As far as the teacher prejudging your son. I wouldn't worry too much about it. Obviously you had a teacher in the meeting who just said out loud what all teachers do. Teachers talk to each other and share stories about their students all the time. Most teachers know what they are getting from the previous year because they have been filled in by a teacher or administrator when it comes to our difficult children. This teacher shouldn't have made the statement but I don't believe it's of too much concern. Not that it shouldn't upset you a little. Just my opinion.

    Sharon
     
  4. Wiped Out

    Wiped Out Well-Known Member Staff Member

    Kjs,

    I'm glad the teachers finally know he has an IEP. That part is concerning for me for next year as my guy will be headed off to middle school. As it is I'm concerned with the work they have been sending my guy this year it is way above his capabilities.

    I agree with not being upset about the prejudging. I teach in a small school and often know which students I'm getting-doesn't mean I'm prejudging. Plus, at least with my difficult child I want them to know about him ahead of time so they are better ready to work with him from the get go.
     
  5. Big Bad Kitty

    Big Bad Kitty lolcat

    Count me in as letting the pre judging slide. That is borrowing trouble. Pick your battles, and right now, your battle is that his IEP is not being followed.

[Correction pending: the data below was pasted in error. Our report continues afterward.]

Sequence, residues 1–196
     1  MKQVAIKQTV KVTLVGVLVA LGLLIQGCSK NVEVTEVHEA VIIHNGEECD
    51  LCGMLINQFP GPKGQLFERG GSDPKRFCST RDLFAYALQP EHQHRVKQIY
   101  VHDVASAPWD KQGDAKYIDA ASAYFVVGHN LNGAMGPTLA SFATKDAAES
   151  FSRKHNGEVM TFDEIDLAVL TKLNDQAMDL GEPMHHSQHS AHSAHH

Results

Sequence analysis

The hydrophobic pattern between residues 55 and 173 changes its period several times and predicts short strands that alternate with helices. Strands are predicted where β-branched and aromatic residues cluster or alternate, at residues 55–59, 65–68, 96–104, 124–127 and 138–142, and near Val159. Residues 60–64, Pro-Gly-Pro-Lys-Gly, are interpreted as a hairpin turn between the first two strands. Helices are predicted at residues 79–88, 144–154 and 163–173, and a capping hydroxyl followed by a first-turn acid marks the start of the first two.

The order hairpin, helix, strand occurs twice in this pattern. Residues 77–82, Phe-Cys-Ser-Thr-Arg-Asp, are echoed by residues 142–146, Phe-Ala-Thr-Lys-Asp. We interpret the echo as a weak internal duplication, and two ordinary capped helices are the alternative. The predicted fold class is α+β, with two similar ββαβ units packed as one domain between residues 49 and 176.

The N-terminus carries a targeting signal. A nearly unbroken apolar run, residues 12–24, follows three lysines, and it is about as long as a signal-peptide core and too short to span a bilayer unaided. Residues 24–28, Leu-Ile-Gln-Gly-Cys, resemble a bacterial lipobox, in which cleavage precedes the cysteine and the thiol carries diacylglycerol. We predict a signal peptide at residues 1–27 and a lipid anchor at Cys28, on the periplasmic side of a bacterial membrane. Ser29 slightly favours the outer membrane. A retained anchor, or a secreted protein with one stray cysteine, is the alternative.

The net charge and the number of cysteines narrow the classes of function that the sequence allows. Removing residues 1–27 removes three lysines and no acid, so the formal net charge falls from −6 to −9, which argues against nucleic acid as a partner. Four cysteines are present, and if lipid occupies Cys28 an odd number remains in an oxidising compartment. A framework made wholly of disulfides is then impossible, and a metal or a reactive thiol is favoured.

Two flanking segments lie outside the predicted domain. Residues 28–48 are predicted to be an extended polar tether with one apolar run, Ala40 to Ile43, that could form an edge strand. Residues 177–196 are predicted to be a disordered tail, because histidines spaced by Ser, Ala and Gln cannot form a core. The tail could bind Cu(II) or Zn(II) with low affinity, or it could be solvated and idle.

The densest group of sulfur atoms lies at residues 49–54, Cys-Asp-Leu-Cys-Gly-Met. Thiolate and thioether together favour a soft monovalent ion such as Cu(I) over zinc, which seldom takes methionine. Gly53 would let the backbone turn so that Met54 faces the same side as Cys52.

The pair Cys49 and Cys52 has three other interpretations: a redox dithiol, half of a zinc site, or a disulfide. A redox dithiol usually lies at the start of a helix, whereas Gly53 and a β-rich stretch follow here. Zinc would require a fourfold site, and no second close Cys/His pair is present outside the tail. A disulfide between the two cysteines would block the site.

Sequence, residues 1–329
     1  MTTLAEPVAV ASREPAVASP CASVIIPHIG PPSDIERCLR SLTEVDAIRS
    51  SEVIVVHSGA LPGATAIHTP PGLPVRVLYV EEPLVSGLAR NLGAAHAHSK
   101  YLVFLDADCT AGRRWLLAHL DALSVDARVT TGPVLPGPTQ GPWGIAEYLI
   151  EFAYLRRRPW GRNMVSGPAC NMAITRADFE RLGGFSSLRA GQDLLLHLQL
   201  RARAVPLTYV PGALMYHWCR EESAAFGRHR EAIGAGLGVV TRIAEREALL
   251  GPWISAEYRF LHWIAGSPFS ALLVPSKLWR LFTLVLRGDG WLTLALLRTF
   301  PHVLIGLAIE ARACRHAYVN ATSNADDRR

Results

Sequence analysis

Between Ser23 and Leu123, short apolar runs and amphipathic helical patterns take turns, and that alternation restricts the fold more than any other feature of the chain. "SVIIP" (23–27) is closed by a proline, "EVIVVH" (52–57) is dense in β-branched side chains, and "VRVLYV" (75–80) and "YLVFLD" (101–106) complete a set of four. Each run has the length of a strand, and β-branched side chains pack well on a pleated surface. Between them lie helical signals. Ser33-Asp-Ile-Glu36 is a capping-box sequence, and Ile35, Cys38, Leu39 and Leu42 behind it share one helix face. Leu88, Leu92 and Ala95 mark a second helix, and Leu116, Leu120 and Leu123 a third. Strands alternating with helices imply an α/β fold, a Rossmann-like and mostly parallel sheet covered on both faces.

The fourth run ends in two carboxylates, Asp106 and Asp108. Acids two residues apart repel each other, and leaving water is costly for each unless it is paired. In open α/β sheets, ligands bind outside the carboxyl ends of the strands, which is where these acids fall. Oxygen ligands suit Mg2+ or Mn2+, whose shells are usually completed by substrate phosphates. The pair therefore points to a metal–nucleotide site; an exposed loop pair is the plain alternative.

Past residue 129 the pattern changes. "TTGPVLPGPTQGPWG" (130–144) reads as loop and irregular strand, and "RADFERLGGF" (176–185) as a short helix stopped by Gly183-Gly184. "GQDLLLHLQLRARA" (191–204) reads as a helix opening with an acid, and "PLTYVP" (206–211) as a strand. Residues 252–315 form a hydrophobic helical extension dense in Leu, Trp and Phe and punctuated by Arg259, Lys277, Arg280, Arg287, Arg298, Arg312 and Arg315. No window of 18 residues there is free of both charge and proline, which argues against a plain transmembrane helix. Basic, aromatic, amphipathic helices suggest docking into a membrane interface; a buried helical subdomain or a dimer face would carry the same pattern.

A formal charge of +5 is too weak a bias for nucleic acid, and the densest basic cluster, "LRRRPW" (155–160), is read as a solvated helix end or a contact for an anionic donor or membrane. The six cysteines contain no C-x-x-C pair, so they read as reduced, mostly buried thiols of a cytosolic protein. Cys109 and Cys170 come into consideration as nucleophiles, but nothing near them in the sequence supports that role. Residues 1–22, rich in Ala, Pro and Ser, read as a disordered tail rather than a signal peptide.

And yeah, where is his wonderful father during all this?
     
  6. Kjs

    Kjs Guest

    Well, to address the questions here. husband - he just walked in another room when I blew up Monday night, prior to the school meeting. He showed no concern about the meeting and never even asked me what happened. I addressed difficult child about some things that were said. Such as...a child with a unique name..difficult child decided to give that child his own name. Carl. So he has been calling him Carl, and the student doesn't like that and is quite upset. I talked to difficult child about that and don't think it will happen again.

    I tried to set up a meeting with all his teachers prior to school, but they denied the meeting saying they were to busy and would meet after school started. I met only with program director (of spec. ed). She told me the teachers would be notified of the IEP. This is two years in a row that I found out the teachers did not know he had an IEP.

    difficult child does meet with the social worker on Tuesday's, he likes her and does open up to her. They are working on some goal setting and social skills.

    difficult child originally wanted nothing to do with the Special Education teacher.